Recent blog posts (here & here) have chronicled the experiment editor for the Green Lab Notebook (GLN) app-in-progress. The green chemistry metrics and some interesting stoichiometry/equivalents/balancing issues for multistep reactions have been grappled with.
Representing a multistep chemical reaction in a way that has all the necessary information to be algorithm-friendly and a precursor to a visual layout that is chemist-friendly is not quite as simple as adding another arrow.
One of the very nice housekeeping properties of a single step reaction is that it is possible to lay down the law about stoichiometry: molecules that are part of the formal balancing equation must be classified as reactants or products and their stoichiometry (1, 2, ½, etc.) must be correct; non-stoichiometric ingredients such as catalysts and solvents, or reagents used in excess when the reaction balance is not clear, are classified as reagents, which are drawn above & below the reaction arrow.
This rule stops being reasonable when considering stepwise reactions. For example, dibromination of toluene:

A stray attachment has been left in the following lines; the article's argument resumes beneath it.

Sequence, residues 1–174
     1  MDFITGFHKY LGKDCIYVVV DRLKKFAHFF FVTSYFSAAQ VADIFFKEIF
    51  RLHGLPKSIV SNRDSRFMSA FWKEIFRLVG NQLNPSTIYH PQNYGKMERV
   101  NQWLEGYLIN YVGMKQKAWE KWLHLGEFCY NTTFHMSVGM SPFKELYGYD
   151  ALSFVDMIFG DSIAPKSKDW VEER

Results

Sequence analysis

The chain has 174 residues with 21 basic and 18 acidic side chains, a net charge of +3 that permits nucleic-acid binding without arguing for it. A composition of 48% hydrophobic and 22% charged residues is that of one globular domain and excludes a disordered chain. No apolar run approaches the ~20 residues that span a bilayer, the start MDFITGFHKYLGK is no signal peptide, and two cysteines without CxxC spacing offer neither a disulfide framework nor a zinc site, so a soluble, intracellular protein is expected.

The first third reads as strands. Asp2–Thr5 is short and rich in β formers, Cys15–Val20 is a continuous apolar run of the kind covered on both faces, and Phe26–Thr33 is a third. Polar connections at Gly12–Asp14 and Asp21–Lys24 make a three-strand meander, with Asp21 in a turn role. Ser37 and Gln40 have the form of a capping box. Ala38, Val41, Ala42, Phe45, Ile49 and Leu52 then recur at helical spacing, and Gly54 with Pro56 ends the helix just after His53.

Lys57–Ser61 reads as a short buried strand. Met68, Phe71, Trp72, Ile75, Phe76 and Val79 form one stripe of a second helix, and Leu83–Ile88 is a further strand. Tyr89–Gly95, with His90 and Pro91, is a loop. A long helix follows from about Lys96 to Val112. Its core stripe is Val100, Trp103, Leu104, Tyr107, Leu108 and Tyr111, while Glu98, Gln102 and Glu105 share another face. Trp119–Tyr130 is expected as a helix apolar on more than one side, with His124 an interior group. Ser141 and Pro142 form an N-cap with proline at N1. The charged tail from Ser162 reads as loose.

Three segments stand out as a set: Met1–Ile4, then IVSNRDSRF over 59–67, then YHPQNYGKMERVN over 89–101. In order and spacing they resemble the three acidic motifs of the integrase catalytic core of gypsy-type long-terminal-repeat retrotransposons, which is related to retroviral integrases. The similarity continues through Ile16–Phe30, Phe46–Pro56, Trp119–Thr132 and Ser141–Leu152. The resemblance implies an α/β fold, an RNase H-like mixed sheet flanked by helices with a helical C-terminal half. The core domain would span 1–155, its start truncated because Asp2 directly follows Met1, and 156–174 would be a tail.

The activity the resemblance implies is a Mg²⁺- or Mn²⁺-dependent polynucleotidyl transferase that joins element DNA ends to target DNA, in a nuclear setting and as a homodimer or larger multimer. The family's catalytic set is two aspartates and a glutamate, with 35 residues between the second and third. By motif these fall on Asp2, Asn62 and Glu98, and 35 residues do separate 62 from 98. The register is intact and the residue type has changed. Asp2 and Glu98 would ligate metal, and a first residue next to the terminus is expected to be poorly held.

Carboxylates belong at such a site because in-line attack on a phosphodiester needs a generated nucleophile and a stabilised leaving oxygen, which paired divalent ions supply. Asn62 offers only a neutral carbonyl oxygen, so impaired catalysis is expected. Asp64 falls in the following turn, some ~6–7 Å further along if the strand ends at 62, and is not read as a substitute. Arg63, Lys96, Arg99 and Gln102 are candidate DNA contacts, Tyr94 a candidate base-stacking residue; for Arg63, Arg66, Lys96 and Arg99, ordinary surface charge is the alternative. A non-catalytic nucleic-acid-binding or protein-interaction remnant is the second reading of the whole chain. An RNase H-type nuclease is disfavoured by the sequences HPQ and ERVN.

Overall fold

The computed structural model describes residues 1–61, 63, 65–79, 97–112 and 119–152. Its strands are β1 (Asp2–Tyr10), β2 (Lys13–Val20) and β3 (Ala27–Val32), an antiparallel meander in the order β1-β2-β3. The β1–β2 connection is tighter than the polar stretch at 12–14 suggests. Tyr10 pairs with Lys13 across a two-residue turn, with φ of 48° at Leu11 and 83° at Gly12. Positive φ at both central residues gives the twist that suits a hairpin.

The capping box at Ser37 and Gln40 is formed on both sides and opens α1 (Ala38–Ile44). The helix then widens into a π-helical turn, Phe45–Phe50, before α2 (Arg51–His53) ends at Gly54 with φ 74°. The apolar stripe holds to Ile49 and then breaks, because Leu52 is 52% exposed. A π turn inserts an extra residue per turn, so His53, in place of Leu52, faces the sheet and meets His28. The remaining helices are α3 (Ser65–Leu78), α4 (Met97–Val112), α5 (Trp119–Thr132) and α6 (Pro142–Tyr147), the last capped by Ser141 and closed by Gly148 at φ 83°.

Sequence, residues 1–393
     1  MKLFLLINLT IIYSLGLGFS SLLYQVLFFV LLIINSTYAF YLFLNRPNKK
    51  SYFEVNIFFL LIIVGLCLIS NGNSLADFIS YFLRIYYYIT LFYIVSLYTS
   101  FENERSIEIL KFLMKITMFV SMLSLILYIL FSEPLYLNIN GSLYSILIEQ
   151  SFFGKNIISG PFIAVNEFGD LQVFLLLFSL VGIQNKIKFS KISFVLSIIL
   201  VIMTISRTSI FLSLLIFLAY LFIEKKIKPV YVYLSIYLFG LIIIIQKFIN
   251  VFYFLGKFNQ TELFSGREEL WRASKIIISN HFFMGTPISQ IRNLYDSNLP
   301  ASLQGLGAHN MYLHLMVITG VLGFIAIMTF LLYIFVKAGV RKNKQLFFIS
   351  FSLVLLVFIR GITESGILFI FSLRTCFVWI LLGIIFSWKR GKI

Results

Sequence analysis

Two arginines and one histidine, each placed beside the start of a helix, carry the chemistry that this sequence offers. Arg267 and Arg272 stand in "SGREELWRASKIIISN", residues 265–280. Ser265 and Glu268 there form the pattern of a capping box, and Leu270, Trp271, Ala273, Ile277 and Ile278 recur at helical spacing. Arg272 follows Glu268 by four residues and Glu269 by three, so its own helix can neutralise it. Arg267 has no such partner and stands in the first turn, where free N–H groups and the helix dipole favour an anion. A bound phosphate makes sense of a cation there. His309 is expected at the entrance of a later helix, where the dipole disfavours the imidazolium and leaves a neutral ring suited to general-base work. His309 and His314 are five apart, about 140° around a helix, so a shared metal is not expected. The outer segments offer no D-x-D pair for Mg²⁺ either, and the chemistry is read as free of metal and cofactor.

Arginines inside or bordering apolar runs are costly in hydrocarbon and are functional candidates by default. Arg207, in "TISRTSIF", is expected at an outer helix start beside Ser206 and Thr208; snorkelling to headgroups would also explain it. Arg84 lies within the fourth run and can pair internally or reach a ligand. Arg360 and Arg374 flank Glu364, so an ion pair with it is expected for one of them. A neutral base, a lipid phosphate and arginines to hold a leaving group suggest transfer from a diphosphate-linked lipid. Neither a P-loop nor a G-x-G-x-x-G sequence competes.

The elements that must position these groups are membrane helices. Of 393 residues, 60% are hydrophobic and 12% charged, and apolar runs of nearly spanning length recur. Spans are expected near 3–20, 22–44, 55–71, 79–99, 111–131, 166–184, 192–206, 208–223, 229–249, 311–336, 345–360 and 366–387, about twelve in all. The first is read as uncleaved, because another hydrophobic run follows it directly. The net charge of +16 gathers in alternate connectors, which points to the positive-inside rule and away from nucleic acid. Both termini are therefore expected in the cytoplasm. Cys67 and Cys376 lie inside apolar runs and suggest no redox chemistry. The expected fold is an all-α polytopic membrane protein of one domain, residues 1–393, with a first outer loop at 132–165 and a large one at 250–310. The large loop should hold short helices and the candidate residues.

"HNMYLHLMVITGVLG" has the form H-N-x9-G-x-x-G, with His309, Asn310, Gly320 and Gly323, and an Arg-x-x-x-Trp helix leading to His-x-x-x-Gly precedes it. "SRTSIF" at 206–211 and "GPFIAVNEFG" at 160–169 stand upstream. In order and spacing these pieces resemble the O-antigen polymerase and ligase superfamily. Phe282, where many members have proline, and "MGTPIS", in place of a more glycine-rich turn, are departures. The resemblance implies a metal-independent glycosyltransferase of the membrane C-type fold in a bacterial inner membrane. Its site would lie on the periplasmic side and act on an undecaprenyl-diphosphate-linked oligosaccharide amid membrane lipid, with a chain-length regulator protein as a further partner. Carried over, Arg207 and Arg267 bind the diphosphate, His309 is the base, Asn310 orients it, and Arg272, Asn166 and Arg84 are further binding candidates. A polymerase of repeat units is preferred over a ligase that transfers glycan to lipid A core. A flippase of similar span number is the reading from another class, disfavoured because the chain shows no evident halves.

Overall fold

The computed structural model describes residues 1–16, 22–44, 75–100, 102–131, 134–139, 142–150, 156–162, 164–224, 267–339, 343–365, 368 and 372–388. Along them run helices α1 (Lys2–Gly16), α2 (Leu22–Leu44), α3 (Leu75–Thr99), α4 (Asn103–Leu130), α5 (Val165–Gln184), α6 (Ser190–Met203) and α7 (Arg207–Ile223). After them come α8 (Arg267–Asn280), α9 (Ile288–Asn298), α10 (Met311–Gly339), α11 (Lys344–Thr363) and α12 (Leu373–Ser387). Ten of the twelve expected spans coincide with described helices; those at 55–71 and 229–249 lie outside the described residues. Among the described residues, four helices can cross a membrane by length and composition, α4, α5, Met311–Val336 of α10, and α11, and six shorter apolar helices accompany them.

The primary ingredient (toluene) is represented as a reactant. Two stoichiometric equivalents of bromine are used in the reaction. One way to draw this would be to include all of the stoichiometric reagents in the first step, i.e. CH3C5H6 + 2 Br2, and then draw the subsequent brominations as they happen. This might be OK for an algorithm that concerns itself with the reaction balance, but to a chemist it’s ugly, and not what we want to see. Perhaps a physical chemist studying mechanism would find this agreeable, but as a former synthetic chemist building a product for current synthetic chemists, what we want to see is a starting material being operated on in a sequence of transforms.
First of all, note the additional symbols that are used in the diagram above: the starting material has a circled asterisk to the top right, which indicates that it is the primary reactant (which is redundant in this case because there’s just one). In the two product steps, the byproduct is hydrogen bromide: both of these are further annotated as waste (borrowed from electrical circuit iconography for grounding), which is a user-provided flag used to indicate that it’s not one of the intended products. This is a key part of the balancing and classification system, especially for multistep reactions, because any product that is not waste is considered to be a reactant for the next step.
Observe the quantity table for the two-step bromination, where the quantities and ratios all work out:
So far so good. Both the quantities for the bromine reagent are entered manually. Note that the bromine reagents have a field called Equiv (for number of equivalents, i.e. a ratio), just like the reactants and products do. More on this in a moment.